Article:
Even though some of the affected permanent secretaries/ accounting officers refused to speak on record and chose to comment privately, Mr Benon Mutambi, the outgoing permanent secretary in the Ministry of Internal Affairs, has denied any wrongdoing and sought to be told where he fell short to deserve retirement in public interest.
Mr Mutambi said: “I must be honest to you; I also do not know. All I know about myself is that I had given my best, was committed to transform that place [Internal Affairs ministry]. May be I shall in future get to know where I fell short.”
Other affected permanent secretaries, who spoke off the record, said the President’s decision does not give them opportunity to be heard, and demanded to know the crimes they committed to deserve what they called “disgraceful retirement” after long years of “devotion” and “selfless service.”
The right to be heard
On whether retirement in public interest violates the principle of natural justice and the right to be heard, Counsel Ssemakade, invokes “the clean hands doctrine “where one who comes into equity must come with clean hands. He argues that since their appointments breached principles of fairness, transparency, equality and accountability, the seven permanent secretaries have no moral and legal authority to challenge anything.
“The fact that they came to offices not by right, not by merit, not by fair competition but rather by gift of appointing authority, technically these public servants being interlopers at law, cannot claim the moral or legal authority to cry wolf: my right to be treated fairly and justly have been violated,” he said.
The big question
In the end, Mr Ssemakadde argues, “it’s a case of the proverbial chickens coming home to roost” and insists that “It’s irrational to understand the President’s decision through the prism of rationality, fairness and legality. The rational question to ask, according to Mr Ssemakadde and other legal brains Daily Monitor talked to is “Why has the President has chosen to give these public service fat cats merely a slap on the wrist for their allegedly high crimes against the state? The people are entitled to know the reasons for the sanction of retirement in public interest.”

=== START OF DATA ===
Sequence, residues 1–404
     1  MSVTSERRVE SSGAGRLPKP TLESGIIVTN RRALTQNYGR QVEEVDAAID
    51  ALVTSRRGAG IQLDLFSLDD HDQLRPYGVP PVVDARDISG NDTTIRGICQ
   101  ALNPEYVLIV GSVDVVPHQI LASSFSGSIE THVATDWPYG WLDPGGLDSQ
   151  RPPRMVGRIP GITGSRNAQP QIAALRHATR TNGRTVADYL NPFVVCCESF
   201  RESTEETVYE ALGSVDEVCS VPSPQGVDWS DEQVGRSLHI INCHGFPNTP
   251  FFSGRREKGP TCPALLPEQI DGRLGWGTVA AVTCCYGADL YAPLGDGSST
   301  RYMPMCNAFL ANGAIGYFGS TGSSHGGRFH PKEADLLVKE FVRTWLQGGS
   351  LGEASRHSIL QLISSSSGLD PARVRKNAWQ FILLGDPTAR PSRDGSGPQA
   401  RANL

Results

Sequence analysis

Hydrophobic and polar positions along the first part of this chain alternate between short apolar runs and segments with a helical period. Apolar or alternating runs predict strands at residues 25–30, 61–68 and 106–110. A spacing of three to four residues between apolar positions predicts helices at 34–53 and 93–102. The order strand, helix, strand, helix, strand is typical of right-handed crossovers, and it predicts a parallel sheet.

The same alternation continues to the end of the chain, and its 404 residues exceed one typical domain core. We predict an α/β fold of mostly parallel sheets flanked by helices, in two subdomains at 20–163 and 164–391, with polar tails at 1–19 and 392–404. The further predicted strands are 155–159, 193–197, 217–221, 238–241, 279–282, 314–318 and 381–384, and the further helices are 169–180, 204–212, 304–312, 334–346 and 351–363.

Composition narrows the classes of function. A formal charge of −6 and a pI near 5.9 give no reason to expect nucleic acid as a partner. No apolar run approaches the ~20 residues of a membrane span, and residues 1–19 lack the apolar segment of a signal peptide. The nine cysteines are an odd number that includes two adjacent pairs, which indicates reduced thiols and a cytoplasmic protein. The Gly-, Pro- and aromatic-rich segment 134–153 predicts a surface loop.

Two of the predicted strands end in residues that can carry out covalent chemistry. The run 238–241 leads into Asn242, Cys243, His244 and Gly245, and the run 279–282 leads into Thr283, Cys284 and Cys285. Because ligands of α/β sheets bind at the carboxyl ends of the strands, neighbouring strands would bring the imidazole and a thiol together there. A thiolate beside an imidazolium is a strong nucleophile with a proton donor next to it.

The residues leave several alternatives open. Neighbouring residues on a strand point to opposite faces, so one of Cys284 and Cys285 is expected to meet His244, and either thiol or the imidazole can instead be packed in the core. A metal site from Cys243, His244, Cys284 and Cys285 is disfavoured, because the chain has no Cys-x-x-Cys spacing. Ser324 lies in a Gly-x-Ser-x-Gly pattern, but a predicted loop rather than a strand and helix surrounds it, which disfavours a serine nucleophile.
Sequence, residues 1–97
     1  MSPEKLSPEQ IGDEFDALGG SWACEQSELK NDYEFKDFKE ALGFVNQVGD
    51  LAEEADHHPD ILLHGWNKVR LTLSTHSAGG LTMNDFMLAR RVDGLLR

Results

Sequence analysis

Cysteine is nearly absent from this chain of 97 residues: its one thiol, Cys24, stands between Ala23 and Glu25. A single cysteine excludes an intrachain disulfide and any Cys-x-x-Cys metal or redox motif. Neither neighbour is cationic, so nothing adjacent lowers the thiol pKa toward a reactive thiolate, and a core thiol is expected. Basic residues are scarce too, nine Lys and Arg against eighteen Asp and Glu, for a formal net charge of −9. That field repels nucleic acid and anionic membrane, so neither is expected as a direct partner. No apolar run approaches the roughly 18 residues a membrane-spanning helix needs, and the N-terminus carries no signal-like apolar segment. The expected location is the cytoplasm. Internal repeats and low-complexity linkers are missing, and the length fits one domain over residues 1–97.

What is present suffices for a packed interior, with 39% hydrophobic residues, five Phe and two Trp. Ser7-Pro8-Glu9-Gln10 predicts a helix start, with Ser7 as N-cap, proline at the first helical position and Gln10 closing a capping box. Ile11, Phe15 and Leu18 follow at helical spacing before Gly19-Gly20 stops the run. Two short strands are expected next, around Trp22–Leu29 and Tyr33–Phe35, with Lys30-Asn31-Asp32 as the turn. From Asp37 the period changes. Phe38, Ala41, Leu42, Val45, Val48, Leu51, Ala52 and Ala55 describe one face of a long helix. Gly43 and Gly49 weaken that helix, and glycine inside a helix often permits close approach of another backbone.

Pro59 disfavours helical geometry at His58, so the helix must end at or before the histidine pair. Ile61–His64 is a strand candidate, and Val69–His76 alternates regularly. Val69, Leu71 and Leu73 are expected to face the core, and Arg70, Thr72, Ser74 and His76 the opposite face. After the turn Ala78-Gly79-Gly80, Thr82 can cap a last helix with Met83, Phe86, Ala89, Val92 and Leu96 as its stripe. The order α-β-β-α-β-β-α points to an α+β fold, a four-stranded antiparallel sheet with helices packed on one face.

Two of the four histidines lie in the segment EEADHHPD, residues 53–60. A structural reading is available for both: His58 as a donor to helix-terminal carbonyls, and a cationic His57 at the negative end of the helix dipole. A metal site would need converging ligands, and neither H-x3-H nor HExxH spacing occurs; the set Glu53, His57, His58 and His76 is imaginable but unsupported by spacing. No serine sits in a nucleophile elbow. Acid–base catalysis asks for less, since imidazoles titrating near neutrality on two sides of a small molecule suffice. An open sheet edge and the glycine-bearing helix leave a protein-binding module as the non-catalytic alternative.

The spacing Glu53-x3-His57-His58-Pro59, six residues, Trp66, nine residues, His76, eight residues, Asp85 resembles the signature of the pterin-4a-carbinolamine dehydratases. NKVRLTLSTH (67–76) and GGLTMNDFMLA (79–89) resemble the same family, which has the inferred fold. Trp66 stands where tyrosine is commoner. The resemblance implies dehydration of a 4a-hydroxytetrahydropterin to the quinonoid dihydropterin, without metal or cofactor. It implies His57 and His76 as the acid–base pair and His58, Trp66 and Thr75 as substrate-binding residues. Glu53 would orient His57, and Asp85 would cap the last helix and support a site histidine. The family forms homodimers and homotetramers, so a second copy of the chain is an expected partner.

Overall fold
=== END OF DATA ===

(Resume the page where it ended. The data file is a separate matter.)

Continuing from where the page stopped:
But what’s public interest?
According to Mr James Nangwala, another lawyer, public interest has been interpreted legally to mean something which is of serious concern and benefit to the public, the community at large, as opposed to an individual.
On where the forced retirement of the permanent secretaries leaves the principal of natural justice and the right to be heard, Mr Nangwala argued: “Probably the said public interest over weighs the right to be heard.” Other senior lawyers who talked to Daily Monitor on the matter, however, argue that “public interest” is one of the most used terms in public administration yet it is arguably the least defined and least understood since few public officials have any clear idea what the term actually means and what its ramifications are in practice.
Shadow AG weighs in
According to Shadow Attorney General Wilfred Niwagaba, public interest ordinarily means that the affected officer is not fit to continue occupying a public office. The appointing authority determines what constitutes public interest and usually borders on integrity issues.
“A public office is held at the pleasure of the President and unless the retirement is in writing stating a reason as to why you have been retired and you find such a reason unjustified and disputable. Otherwise, under the current circumstances, the question of fair hearing here doesn’t arise. The retired officers have no choice but to retire with disgrace,” he said.
A permanent secretary formulates strategic plans and coordination of multiple functional areas in a ministry, including tendering advice to the responsible minister in respect of the business of the ministry or department; Initiating implementation of policies of government, and ensuring proper expenditure of public funds in the ministry or department.
what they say...
“Being retired in public interest is one of the methods of retirement under the public service standing orders. It’s the prerogative of the President to do that under Article 99, 172 (1) (a) [of the constitution],” Senior Presidential Press Secretary Lindah Nabusayi
“A permanent secretary who has not performed to President’s expectation is not retired in public interest without any minute or record of his or her transgressions. The President should have written to public service, but I doubt whether this was done,” Bukimbiri MP Eddie Kwizera Wagahungu
“The fact that they came to offices not by right, not by merit, not by fair competition but rather by gift of appointing authority, technically these public servants being interlopers at law, cannot claim the moral or legal authority to cry wolf: my right to be treated fairly and justly have been violated,” Isaac Ssemakadde, lawyer
“A public office is held at the pleasure of the President and unless the retirement is in writing stating a reason as to why you have been retired and you find such a reason unjustified and disputable. Otherwise, under the current circumstances, the question of fair hearing doesn’t arise. The retired officers have no choice, but to retire with disgrace,” Shadow Attorney General Wilfred Niwagaba
“I must be honest to you; I also do not know. All I know about myself is that I had given my best, was committed to transform that place [Internal Affairs ministry]. May be I shall in future get to know where I fell short,” Mr Benon Mutambi, the outgoing Permanent Secretary in the Ministry of Internal Affairs